I have a bit of a problem, and I really believe that you can help.  I’m an avid follower of politics and consumer of the news.  But I just can’t get excited about the race for 2008.  In fact, I am pretty sure that come the primaries, I still won’t feel enthusiastic about my vote.  Anyone who knows me well can tell you, this would not be right.  I am a passionate person who cares deeply about our world.  I know the issues, read about the candidates, detest the current situation, and want to see things changed.  I want to feel strongly about this race, but I don’t.  I will go to the poles and vote, to be sure – but I would like to care so much that I spend time convincing my fellow citizens to agree with my choice.  I want to help change the world, but I need your help.

The truth is, you have a moral obligation to enter this race, and until you do, I will have a hard time getting strongly behind any existing candidate.  Yes, I said moral obligation.  I know that is a pretty strong statement, laden with values…  and I’m not someone who wants to impose my value system on others.  But it’s not really my value system, it’s yours… so it seems reasonable to hold you to it.  I watched your movie, and you told us that global warming is a moral issue.  You said we had an ethical obligation to act.  Well, you have an obligation here as well.

You know what else?  You talked about your child, his accident, and your renewed perspective on life.  Well guess what?  I have children too.  I don’t want to leave them with a world on the brink of disaster – facing storms, floods, drought, famine, disease that we have never seen before.   This is the issue facing the world today – and we have you to thank for helping bring it to the forefront of America’s conscience.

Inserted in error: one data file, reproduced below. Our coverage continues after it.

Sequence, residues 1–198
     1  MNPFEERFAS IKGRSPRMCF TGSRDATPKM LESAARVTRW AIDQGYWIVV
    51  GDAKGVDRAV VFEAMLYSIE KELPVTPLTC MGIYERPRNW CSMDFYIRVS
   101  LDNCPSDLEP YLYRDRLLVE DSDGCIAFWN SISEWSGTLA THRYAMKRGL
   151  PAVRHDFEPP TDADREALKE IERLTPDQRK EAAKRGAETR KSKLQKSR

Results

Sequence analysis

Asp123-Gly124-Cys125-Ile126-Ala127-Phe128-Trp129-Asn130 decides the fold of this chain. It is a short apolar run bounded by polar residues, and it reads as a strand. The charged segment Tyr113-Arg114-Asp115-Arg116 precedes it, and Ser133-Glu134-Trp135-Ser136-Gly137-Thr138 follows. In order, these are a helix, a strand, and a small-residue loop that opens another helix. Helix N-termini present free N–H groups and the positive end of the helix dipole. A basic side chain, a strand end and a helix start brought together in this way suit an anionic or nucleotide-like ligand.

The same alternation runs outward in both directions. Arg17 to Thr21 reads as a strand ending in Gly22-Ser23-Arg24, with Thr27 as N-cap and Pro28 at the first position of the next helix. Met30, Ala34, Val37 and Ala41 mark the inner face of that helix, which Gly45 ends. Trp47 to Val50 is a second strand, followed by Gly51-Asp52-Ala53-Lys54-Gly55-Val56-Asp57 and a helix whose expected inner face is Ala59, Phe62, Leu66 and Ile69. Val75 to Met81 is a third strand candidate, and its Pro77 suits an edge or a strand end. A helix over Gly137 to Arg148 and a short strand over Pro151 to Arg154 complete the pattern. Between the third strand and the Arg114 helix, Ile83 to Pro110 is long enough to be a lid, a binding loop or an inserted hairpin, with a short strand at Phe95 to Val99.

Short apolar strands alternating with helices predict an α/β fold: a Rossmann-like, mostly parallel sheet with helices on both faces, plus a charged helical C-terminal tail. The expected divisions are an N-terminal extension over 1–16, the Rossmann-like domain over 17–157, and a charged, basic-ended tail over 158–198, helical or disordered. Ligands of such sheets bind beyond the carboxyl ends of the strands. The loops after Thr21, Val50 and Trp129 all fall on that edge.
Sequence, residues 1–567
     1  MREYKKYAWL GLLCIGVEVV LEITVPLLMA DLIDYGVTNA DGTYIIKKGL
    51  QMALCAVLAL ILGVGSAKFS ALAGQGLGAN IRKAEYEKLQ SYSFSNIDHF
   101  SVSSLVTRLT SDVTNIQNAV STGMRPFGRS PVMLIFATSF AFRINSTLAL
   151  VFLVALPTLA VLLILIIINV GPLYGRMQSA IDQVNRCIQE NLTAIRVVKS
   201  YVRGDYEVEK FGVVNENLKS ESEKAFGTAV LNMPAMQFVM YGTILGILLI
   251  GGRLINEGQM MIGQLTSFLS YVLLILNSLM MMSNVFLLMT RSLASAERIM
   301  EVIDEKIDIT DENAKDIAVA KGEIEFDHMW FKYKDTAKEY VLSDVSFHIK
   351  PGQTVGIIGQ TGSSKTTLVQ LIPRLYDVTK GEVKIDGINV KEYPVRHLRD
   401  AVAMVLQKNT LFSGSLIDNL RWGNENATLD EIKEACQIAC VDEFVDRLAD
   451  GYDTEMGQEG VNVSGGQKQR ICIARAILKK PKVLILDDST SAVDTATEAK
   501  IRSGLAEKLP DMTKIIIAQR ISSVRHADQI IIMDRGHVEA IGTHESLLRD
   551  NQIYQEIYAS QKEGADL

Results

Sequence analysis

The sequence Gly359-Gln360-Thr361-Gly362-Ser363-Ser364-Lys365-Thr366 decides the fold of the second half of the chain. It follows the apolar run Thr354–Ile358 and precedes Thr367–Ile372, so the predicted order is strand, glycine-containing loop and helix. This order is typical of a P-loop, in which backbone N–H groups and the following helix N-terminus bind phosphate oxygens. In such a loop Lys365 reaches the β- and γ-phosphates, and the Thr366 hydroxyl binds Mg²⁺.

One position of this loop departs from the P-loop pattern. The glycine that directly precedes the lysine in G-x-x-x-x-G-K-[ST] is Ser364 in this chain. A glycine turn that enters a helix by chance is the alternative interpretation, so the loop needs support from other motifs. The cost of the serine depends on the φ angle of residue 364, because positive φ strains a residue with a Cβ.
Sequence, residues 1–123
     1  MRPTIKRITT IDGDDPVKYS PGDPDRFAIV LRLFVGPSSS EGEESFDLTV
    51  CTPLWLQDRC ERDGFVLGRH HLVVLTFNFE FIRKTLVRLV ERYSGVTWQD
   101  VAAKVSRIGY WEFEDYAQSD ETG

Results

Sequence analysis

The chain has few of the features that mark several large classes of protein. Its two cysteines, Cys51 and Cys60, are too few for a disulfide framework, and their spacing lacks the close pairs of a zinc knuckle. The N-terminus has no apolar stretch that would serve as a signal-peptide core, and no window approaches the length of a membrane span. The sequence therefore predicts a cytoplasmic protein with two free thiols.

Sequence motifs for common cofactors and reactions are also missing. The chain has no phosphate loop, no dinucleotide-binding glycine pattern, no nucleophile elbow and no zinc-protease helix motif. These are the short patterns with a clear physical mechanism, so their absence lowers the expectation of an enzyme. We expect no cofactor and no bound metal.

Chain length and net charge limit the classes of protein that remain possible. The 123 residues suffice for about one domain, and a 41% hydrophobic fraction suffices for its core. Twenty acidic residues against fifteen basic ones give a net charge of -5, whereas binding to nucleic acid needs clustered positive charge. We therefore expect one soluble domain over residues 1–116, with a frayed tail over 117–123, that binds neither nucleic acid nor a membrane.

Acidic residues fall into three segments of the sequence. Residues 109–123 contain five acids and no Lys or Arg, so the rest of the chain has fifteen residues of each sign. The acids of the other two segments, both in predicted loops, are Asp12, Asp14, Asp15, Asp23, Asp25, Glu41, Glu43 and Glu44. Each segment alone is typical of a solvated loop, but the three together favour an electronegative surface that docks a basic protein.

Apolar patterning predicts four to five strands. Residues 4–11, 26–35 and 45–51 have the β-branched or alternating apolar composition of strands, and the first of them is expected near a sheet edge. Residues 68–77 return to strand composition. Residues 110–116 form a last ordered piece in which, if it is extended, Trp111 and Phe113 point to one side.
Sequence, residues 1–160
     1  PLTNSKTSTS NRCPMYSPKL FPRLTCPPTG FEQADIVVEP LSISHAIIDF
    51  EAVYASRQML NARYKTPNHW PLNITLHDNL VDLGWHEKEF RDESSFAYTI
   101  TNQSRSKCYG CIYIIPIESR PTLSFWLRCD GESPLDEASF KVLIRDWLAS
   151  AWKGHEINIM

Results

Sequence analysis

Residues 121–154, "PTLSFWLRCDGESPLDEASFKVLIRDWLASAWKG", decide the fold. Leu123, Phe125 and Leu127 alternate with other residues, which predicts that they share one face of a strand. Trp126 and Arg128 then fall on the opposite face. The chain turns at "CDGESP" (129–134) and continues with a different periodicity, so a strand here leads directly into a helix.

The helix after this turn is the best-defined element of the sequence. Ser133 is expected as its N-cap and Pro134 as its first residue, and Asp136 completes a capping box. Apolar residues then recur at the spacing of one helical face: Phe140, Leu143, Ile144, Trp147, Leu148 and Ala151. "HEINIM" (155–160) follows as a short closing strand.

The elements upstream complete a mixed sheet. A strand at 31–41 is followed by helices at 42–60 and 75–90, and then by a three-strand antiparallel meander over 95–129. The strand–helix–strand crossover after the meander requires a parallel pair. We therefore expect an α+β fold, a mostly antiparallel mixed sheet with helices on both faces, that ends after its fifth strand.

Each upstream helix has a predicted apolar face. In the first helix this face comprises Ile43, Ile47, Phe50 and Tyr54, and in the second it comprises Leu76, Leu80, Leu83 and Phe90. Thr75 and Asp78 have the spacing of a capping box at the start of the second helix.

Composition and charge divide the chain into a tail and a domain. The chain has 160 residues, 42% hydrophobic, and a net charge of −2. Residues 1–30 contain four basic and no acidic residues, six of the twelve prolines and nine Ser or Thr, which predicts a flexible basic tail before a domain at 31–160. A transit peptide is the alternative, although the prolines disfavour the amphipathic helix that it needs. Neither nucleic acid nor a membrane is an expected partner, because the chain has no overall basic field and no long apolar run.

You have done so much for the cause, and maybe we have 2000 to thank for that.  But think how different things could have been if you did all this from the White House?  Yes, I know, you couldn’t have done exactly this from the White House….  But maybe you could have done more.  And let’s not even get into the war in Iraq, and the War of Terror…  just think about what you could have changed as far as environmental policy…    (At least you’d have been there to help get Live Earth on the mall…  climate change is still today being called a partisan issue?  That might be the most depressing thing I’ve heard.)

The reality is, Congress only acts when the majority of congressional districts agree on something.  This doesn’t happen often, and for that I believe we should actually be thankful…  Madison’s plan was well-designed.  But when big change is necessary, there must be a public advocate… a change agent.  Someone to convince us all.  You have spent the last 7 years invigorating the citizenship, and the world, warming them to the “warmth” – and yet, every time you spoke publicly, was there a news corp around?  Were your words published nationwide, tv cameras trained on your every move?  What if you really had the bully pulpit, what could you do for this issue?  More.  You could do more.  There is no way around it.  You have been amazingly effective outside of office… but you could do more as President.  If this is truly the moral obligation you have been convincing us of…  then it is time for you to step up.  Accept your place.  You created it.